Also look a little closer at the mother of pearl sticks.
This allows us to appreciate the gold inlay work in mop, but also to verify that the themes of the "cartouches" are pastoral, but not truly related to marriage ... as we first saw in the central scene...
Do not quit before the fan recalls its questions :
1) about its period and its technique of manufacture ;
2) but especially about the subject : what is exactly this scene, who are the protagonists ?And why is the Sydney Opera House here ? (just kidding)
Thank you in advance for your kind and surely interesting responses
(reverse of the hand fan : of course this confirms the period)
- Just after we had emailed about this page, we have got an answer from our friend David Ranftl, young and gifted fan collector (http://www.faechersammlung.de/)
- I am - like you - convinced that it is a pastiche 18th C. fan made in the 1840's or 50's. In my opinion, there is a lithography under the strong colourful hand painting. Also the golden border decorations are not painted, but printed. These ornaments as well as the peoples' dresses are quite "pseudo rococo". I could imagine that the scene is based on a stage play or opera as you have already mentioned. The tent in the middle could be a fortune teller's one and the young couple has just asked the fortune teller if their future marriage will be a lucky one.
- Maybe it is something like the final scene of the 18th C. opera "Le Devin du Village" by Jean-Jacques Rousseau...You should really read a summery of "Le Devin du Village". The main character is a shepherdess (!) and the play's premiere was in 1752, perhaps the fan was made on the ocasion of the 100th anniversary of this opéra comique... The "Sydney Opera House" is simply a blowing flag attached to the reverse of the tent in my opinion.
- Perhaps this helps a little bit. David
- Dr Virginia Fabbri Butera, Ph.D., Chair of the Art Department and Director of the Maloney Art Gallery, College of Saint Elizabeth, Morristown (NJ, USA) also has given us an advice which shows that our modest fans are parts of the great History of Art : "I found it interesting to see the hand of the female, I am assuming, amateur painters in two fans based on the same lithograph. Is it possible there are different hands painting on the same fan because the quality of the painting seems different in several places? What struck me were the Watteauesque poses and theme of the lithograph, and the fact that Matisse was clearly recalling and updating the theme of the Fete Champetre in his painting, Le bonheur de vivre (Joy of Life), 1905-06, which I just saw recently at the Barnes Foundation in Merion, Pennsylvania, USA. He was, of course, updating Manet's Le Dejeuner sur l'Herbe, too. Matisse's painting also has the feel of a theatrical stage set. I think the opera references are on target too".(NB Ms Fabbri Butera gave in 2007 a lecture about "The Fan in Art" at FANA annual Assemblage).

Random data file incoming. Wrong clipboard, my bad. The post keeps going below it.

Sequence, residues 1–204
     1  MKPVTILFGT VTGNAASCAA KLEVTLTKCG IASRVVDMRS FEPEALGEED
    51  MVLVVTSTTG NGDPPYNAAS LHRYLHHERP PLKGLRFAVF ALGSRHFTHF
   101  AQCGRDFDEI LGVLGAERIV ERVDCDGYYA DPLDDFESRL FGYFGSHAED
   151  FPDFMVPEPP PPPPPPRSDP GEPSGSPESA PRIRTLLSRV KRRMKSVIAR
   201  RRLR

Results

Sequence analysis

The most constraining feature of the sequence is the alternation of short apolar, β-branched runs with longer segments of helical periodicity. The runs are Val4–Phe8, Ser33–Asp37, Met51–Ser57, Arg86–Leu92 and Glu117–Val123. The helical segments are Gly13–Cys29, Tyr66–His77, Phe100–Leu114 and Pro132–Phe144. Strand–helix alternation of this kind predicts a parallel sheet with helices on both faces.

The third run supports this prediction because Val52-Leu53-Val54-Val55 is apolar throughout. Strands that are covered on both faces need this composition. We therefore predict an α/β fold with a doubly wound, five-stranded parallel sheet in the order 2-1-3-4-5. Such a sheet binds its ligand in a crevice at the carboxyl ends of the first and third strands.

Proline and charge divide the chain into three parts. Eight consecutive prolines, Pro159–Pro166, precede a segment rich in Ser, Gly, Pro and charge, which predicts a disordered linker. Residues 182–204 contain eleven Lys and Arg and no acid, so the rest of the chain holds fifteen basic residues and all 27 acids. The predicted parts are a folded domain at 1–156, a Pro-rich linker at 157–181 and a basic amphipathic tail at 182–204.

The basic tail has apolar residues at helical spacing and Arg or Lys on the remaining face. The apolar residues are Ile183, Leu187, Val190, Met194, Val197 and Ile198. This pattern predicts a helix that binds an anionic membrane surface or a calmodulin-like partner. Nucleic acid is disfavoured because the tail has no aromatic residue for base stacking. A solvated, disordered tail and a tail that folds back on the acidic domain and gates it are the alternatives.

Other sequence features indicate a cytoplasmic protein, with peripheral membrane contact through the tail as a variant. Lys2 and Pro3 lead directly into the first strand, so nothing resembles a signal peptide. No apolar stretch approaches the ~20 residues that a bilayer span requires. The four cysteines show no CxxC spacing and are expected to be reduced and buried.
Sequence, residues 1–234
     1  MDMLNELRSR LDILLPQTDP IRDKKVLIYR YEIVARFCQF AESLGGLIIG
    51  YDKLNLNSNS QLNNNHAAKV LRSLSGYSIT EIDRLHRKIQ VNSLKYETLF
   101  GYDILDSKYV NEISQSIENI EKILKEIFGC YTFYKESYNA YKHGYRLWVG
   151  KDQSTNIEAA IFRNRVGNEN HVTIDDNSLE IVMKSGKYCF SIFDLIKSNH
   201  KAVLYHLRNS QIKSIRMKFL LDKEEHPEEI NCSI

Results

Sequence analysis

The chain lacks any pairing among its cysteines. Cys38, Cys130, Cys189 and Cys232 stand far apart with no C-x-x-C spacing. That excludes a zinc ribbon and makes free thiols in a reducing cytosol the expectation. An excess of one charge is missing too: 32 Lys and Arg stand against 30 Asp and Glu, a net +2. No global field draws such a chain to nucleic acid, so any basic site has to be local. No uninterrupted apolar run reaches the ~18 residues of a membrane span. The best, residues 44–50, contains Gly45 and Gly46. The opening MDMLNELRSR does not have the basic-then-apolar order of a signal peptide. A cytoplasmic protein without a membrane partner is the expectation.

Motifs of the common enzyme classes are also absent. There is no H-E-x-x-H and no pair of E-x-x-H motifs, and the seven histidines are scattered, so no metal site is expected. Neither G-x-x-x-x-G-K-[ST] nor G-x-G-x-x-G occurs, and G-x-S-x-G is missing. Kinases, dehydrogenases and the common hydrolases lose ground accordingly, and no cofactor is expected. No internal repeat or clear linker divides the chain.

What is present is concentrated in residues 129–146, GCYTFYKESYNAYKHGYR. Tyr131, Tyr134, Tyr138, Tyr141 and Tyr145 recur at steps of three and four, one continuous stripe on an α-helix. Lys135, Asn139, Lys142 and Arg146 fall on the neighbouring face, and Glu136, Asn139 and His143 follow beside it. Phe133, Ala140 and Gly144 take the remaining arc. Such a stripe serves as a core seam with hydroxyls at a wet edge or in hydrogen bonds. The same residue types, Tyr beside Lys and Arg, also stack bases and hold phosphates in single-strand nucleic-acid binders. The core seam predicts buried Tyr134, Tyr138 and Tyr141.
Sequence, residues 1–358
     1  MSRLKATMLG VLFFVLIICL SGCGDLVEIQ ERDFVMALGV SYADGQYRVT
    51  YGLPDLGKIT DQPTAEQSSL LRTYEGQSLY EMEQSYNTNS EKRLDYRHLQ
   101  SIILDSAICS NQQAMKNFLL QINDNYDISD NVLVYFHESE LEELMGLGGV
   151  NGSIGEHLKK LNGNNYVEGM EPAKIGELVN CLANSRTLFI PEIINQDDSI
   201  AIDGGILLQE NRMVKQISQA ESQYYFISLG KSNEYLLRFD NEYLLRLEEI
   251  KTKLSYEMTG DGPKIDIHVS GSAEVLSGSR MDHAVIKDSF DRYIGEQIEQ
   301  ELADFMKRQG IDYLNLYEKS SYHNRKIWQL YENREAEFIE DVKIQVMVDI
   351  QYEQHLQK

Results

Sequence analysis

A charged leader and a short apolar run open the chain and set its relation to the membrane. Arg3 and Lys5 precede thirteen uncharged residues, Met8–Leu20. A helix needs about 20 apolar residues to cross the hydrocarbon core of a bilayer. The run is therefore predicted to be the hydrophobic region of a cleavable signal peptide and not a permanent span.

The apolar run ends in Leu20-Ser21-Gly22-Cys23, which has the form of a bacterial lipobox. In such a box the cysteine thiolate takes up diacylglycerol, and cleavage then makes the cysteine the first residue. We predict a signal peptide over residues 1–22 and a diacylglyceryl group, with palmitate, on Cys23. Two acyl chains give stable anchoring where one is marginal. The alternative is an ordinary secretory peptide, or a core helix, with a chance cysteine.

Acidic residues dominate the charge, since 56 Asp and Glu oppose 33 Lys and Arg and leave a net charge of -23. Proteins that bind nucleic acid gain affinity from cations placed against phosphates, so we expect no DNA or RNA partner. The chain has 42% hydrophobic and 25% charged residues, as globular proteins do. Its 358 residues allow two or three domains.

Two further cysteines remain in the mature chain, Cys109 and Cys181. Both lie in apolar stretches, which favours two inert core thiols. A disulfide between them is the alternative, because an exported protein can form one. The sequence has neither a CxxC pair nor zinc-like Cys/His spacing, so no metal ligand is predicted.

Mrs Hélène Alexander (Fan Museum) well known, cheered and et respected by all the fans amateurs, has kindly given her own opinion : " La feuille est certainement un pastiche du 18eme siecle comme l’indique Mr. Ranftl, datant de 1840/50, production Espagne?? ou Italie et, quant au sujet, ne pourrait-on penser au dernier acte des Noces de Figaro ? "
Sorry, no translation and no more for Beaumarchais :Or, Messieurs, la comédie
Que l'on juge en cet instant,
Sauf erreur, nous peint la vie
Du bon peuple qui l'entend.
Qu'on l'opprime, il peste, il crie;
Il s'agite en cent façons;
Tout finit par des chansons... (Bis.)
We hope to come back to you with the answers to our questions ! In the meantime, fans friends, usual visitors or bystanders, please give an opinion (or, better yet, photos of other fans with this subject, or of any document in connection).
Please point our English mistakes ! ... and do not forget the other questions